Author Topic: Krzysztof Penderecki (b. 1933)  (Read 101971 times)

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greg

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Re: Krzysztof Penderecki (b. 1933)
« Reply #60 on: June 25, 2008, 01:48:37 PM »
Lol, i thought YOU were the expert  ;)

Perhaps they have had special performances in the Czech Republic were the original Latin text is translated, maybe? Or maybe he is talking theoretically? Or maybe he's working on a 9th symphony, which is sung in Czech?

Offline Maciek

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Re: Krzysztof Penderecki (b. 1933)
« Reply #61 on: June 25, 2008, 02:44:33 PM »
But he clearly states that the language of the text influenced the work itself.

I guess he must mean the Hymn to St. Adalbert. I've never heard the piece, but given that St. Adalbert was Czech, it would seem logical...

greg

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Re: Krzysztof Penderecki (b. 1933)
« Reply #62 on: June 25, 2008, 02:50:41 PM »
But he clearly states that the language of the text influenced the work itself.

I guess he must mean the Hymn to St. Adalbert. I've never heard the piece, but given that St. Adalbert was Czech, it would seem logical...
Well, there you go, that must be it. There's probably no recordings to check, though- no results at Amazon.

Offline Dundonnell

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Re: Krzysztof Penderecki (b. 1933)
« Reply #63 on: September 26, 2008, 01:51:14 PM »
I am sorry to be any sort of nuisance and I apologise if this has been covered before but it is late at night and I am tired :)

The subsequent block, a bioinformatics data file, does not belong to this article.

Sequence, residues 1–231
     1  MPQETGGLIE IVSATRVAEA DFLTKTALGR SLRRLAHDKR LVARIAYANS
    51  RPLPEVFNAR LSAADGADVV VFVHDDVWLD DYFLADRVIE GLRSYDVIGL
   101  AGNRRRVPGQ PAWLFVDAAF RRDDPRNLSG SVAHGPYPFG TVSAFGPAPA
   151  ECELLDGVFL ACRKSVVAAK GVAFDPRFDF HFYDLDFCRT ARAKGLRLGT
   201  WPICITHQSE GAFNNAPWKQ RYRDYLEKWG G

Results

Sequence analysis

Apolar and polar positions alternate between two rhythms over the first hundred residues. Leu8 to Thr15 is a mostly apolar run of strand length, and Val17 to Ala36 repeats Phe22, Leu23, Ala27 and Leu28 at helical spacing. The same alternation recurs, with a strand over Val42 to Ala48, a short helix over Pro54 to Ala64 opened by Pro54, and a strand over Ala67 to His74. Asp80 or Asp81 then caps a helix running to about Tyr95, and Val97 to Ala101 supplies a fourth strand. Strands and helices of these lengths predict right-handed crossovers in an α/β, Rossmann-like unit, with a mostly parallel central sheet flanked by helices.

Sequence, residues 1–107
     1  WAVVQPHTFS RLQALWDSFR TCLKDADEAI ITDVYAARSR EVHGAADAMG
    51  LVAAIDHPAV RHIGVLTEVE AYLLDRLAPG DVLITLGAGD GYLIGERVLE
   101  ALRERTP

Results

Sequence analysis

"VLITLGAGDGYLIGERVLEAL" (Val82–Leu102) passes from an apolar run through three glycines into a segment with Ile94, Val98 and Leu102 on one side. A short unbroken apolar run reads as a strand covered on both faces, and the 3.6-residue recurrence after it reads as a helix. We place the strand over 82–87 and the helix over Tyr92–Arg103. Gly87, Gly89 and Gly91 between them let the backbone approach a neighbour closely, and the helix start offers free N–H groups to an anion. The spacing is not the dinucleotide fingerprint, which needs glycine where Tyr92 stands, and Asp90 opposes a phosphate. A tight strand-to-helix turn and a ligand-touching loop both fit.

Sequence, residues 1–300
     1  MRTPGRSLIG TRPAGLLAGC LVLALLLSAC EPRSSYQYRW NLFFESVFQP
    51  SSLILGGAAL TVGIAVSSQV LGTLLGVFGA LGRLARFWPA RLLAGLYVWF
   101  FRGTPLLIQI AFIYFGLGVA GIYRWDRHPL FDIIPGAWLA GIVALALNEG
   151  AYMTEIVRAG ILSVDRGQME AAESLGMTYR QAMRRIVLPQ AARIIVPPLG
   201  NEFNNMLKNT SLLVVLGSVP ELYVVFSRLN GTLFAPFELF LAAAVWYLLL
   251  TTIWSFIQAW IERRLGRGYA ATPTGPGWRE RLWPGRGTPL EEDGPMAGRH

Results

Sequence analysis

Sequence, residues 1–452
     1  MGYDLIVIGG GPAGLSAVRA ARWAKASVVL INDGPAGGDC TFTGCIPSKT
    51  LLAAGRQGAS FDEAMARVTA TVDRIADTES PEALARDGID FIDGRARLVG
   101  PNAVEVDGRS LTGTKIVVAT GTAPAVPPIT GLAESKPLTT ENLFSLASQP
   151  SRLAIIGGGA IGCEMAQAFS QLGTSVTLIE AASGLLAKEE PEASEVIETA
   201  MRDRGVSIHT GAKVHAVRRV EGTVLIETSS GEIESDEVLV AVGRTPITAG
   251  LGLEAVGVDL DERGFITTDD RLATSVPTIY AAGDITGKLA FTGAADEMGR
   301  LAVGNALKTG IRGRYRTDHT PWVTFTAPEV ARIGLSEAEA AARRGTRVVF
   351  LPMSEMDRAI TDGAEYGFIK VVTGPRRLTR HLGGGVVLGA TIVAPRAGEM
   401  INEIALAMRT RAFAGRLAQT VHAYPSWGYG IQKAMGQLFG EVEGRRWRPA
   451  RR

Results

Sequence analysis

My head is spinning trying to get a handle on the Penderecki concertos :) I have just ordered a cd of the Clarinet and the Flute concertos.  But........are these the same work with a different solo instrument? And......how many other of his concertos are actually direct reworkings of other concertos?

If anyone has any help to offer in posting a short guide to the Penderecki concerto minefield, I would be most grateful! :)

Offline not edward

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Re: Krzysztof Penderecki (b. 1933)
« Reply #64 on: September 26, 2008, 02:21:39 PM »
I am sorry to be any sort of nuisance and I apologise if this has been covered before but it is late at night and I am tired :)

My head is spinning trying to get a handle on the Penderecki concertos :) I have just ordered a cd of the Clarinet and the Flute concertos.  But........are these the same work with a different solo instrument? And......how many other of his concertos are actually direct reworkings of other concertos?

If anyone has any help to offer in posting a short guide to the Penderecki concerto minefield, I would be most grateful! :)